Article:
Friday, May 25, 2018
Stacia Stolzenberg, Kelly McWilliams and Thomas D. Lyon (Arizona State University (ASU) - School of Criminology & Criminal Justice, City University of New York - John Jay College of Criminal Justice and University of Southern California - Gould School of Law) have posted Children's Conversational Memory Regarding a Minor Transgression and a Subsequent Interview (Psychology, Public Policy, & Law, Forthcoming) on SSRN. Here is the abstract:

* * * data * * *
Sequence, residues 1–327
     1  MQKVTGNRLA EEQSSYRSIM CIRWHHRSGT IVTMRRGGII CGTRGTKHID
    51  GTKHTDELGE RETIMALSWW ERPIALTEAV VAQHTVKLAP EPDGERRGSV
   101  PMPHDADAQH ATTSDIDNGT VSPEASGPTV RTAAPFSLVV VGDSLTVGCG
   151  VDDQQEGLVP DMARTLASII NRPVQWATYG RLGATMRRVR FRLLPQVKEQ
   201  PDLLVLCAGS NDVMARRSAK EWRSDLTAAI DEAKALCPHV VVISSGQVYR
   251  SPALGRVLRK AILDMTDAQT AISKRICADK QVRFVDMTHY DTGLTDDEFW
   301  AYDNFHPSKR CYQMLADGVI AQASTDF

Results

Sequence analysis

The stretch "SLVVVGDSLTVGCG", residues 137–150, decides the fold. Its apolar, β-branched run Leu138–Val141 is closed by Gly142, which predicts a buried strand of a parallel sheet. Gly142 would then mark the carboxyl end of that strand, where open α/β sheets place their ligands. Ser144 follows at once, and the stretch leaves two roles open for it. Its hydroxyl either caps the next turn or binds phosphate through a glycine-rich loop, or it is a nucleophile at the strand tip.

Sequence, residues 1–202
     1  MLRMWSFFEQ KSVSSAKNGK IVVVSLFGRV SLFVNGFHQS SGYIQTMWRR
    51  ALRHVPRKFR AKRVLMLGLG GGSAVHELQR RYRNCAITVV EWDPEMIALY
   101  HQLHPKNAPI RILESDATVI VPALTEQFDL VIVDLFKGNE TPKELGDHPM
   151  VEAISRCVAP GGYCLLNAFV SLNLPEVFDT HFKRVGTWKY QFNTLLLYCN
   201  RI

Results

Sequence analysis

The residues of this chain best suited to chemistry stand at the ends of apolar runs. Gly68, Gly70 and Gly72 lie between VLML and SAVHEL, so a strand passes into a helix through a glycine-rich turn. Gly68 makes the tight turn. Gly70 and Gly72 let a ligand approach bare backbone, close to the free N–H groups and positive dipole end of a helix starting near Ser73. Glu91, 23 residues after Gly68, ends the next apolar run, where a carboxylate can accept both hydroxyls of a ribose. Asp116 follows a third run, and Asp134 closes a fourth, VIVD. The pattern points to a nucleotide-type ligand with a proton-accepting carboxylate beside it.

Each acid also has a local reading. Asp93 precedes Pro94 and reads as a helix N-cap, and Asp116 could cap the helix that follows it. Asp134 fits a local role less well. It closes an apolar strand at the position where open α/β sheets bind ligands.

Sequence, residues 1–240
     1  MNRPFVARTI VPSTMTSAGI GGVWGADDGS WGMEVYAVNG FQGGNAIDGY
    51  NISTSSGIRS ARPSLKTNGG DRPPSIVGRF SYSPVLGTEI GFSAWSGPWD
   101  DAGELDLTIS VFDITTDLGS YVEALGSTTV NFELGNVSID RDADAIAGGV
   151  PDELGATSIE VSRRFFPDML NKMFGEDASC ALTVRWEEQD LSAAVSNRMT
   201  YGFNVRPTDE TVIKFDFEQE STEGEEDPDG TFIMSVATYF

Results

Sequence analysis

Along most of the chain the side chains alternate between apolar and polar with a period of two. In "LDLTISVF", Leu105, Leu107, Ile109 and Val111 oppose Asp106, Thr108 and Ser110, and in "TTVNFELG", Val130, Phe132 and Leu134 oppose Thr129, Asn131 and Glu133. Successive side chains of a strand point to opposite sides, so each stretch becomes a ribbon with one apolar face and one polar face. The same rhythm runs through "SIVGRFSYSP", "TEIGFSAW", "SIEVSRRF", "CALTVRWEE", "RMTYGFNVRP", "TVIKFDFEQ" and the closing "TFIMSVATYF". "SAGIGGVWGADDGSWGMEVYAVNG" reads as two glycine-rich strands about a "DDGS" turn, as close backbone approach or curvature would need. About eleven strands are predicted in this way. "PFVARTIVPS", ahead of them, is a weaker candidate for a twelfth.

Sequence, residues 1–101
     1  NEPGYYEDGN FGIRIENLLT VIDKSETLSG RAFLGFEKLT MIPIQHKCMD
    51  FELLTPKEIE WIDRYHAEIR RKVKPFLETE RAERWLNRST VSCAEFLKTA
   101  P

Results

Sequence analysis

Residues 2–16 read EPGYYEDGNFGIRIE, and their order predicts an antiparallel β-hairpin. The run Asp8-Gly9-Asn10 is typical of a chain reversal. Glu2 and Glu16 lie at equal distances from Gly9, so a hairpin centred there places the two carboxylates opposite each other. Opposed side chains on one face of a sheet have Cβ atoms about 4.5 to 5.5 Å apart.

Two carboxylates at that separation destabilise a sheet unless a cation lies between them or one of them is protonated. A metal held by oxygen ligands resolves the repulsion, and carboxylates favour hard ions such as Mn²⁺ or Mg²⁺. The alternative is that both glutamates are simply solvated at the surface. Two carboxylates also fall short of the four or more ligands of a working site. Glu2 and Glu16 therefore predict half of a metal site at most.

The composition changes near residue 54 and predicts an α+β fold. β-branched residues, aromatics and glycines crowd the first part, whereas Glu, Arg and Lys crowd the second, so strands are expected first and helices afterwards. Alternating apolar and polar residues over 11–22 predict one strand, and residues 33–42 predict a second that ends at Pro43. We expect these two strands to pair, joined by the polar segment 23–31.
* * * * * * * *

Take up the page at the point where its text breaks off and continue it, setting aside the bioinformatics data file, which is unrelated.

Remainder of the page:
Children’s memories for their conversations are commonly explored in child abuse cases. In two studies, we examined conversational recall in 154 4- to 9-year-old children’s reports of an interaction with a stranger, some of whom were complicit in a transgression and were admonished to keep it a secret. Immediately afterwards, all children were interviewed about their interaction. One week later, children were asked recall questions about their interaction with the stranger, their conversations with the stranger, and their conversations with the interviewer. Overall, interaction recall questions elicited few details about children’s conversations, whereas conversation recall questions were effective in doing so. Accuracy was high in response to both the interaction and conversation recall questions, with no differences observed. Questions explicitly inquiring about coaching elicited higher error rates, as well as apparent attempts to maintain secrecy. Source errors were rare. Conversation recall questions elicited new transgression disclosures among a substantial percentage of children. The results provide tentative support for the use of recall questions in eliciting conversational information from children.